Although the manufacturers of the Apple Macintosh contend that the Mac was never intended to be a toy, it has been little more than an entertaining desktop accessory for many scientists since it introduction in 1984. But Apple Computer Inc., realizing that the number of scientific and technical computer users is on the rise, set out a few years ago to develop software for the Mac that would be beneficial to this market.

And it looks as though the company is succeeding. in Apple’s now-yearly publication, Engineering/Scientific Solutions Guide (available at Apple outlets), more than 200 applications for the Mac, Mac 51 2E, Mac II, and Mac SE are listed.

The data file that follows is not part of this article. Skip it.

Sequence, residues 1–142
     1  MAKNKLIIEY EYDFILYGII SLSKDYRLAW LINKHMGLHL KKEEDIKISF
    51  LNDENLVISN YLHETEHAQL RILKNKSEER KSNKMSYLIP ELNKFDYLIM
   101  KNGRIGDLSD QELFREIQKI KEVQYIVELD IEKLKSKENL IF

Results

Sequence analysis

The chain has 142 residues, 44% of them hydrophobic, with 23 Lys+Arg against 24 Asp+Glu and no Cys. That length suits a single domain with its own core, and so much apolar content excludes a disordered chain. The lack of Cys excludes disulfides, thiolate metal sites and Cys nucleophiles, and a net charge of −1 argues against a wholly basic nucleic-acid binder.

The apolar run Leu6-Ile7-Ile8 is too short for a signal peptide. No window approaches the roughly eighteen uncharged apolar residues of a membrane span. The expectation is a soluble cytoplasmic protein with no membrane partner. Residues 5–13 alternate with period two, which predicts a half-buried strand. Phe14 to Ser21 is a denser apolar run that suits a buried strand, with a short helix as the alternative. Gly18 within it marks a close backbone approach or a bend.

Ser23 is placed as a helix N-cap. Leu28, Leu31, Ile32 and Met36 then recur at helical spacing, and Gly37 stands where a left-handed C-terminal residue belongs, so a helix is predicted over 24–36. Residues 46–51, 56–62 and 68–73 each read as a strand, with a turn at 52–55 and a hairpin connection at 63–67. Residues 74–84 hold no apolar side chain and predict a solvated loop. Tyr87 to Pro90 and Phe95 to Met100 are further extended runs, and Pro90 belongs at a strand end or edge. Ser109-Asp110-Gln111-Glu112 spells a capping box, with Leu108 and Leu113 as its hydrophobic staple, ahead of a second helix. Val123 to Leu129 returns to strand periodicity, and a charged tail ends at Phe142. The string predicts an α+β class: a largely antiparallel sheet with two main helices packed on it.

Granted, some of the packages listed in the guide could be used by an accountant or an advertising copywriter as well as by a scientist— such as WriteNow, a word processing program, and Flexware, a database/programming application. And some are...

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